As for Jackson, it is sad that a middle-aged woman of power and proven talent is not above such shenanigans. Some speculate that she did this to take some of the attention away from her brother, who is busy dealing with charges of inappropriate sexual conduct involving a minor. But her bizarre bad judgment does little to fortify the Jackson family name at a time when it could benefit from positive reinforcement.
I'm struck by both the exposure of her breast and the nature of the act itself. When Timberlake grabbed and ripped the bra cup off her right breast his movements seemed forceful and exploitative. Why would Jackson submit to such a rough, empty gesture by a much younger man in the most public of forums? There was nothing playful or sexy about it. She looked old and victimized. He looked like an arrogant twerp.
CBS stands to lose the most from this matter, and not just in the form of millions of dollars that could result from the FCC probe called for yesterday by chairman Michael Powell. Ratings for the Super Bowl were impressive, but any positive publicity has been overshadowed by this scandal. So has the debut of the most recent edition of the network's grand reality series Survivor, which had its premiere following the Super Bowl. Programs that air immediately after the Super Bowl are supposed to benefit from a priceless level of buzz in the days that follow. Thanks to the halftime show, Survivor is off to an unusually quiet start.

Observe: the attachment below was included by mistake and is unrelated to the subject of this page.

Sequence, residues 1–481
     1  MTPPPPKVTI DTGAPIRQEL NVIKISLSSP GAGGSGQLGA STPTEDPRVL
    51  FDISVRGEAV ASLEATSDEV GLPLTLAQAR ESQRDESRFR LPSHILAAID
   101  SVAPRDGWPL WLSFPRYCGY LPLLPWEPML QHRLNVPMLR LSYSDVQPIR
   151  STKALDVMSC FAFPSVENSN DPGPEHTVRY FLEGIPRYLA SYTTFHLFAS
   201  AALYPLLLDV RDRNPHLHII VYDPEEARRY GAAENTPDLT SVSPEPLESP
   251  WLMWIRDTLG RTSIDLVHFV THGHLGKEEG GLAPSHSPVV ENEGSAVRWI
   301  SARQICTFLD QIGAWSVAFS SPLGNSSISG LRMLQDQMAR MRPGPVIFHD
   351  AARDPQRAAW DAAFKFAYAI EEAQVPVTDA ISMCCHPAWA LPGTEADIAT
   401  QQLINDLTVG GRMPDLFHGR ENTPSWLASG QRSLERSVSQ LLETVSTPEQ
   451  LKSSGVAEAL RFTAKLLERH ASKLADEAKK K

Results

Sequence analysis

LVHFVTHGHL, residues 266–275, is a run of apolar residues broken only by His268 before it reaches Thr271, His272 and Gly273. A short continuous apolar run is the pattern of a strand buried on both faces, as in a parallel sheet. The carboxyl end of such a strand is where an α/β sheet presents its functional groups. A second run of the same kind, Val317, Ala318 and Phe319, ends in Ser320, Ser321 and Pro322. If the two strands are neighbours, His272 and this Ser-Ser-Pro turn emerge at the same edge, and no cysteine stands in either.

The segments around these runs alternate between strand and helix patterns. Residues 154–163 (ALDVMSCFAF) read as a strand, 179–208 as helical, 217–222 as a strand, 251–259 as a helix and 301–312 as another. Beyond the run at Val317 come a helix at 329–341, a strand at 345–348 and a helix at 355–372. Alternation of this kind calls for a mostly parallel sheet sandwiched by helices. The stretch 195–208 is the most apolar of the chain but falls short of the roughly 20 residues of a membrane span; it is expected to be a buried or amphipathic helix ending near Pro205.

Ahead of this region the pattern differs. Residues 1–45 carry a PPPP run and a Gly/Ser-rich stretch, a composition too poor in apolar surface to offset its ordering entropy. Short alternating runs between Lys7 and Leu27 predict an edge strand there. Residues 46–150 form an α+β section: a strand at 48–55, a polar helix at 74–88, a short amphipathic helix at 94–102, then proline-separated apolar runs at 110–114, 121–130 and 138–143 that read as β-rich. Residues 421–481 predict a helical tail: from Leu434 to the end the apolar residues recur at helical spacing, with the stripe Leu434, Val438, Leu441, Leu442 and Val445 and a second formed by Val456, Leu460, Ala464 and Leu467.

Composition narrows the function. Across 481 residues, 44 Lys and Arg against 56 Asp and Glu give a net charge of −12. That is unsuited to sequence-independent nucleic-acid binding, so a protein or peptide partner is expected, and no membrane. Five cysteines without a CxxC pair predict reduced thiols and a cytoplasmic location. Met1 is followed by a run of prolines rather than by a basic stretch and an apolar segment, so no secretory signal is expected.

Madison Avenue is also looking less than impressive. Most of the talk this week about the ads that premiered during the Super Bowl is negative. Jackson's breast baring has placed unexpected focus on the overall environment of the Super Bowl telecast, which was filled with puerile, pandering commercials. Bestiality, crotch biting, flatulence and erectile dysfunction are the advertising buzzwords of the week, and they came with a multi-million dollar price tag. Granted, television viewers are accustomed to a steady bombardment of similarly lowbrow advertisements, but why place them front and center during the one night of the year when the American public actually looks forward to watching commercials?
Meanwhile, TiVo is enjoying a wave of unprecedented publicity as a result of Jackson's bad judgment. Countless news reports about the event have mentioned that TiVo recorded an unprecedented number of immediate replays of the breast-baring moment. A number of people will regard this as the best reason yet to invest in TiVo equipment. Certainly, many offended Super Bowl viewers now see extra value in home technologies that allow for the speedy elimination of commercials.
Click the social buttons above or below to share this content with your friends and colleagues.
The opinions and points of view expressed in this content are exclusively the views of the author and/or subject(s) and do not necessarily represent the views of MediaVillage.com/MyersBizNet, Inc. management or associated writers.